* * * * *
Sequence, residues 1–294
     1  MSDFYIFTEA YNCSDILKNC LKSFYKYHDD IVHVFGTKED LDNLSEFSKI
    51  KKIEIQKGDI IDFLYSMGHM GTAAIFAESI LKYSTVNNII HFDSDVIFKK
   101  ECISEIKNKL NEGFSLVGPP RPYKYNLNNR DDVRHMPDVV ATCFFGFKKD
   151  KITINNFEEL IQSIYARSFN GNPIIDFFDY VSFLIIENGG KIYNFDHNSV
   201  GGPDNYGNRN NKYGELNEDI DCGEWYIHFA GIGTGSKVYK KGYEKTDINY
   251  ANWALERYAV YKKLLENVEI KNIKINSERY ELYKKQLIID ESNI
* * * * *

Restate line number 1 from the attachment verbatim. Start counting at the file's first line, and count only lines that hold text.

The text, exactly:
Sequence, residues 1–294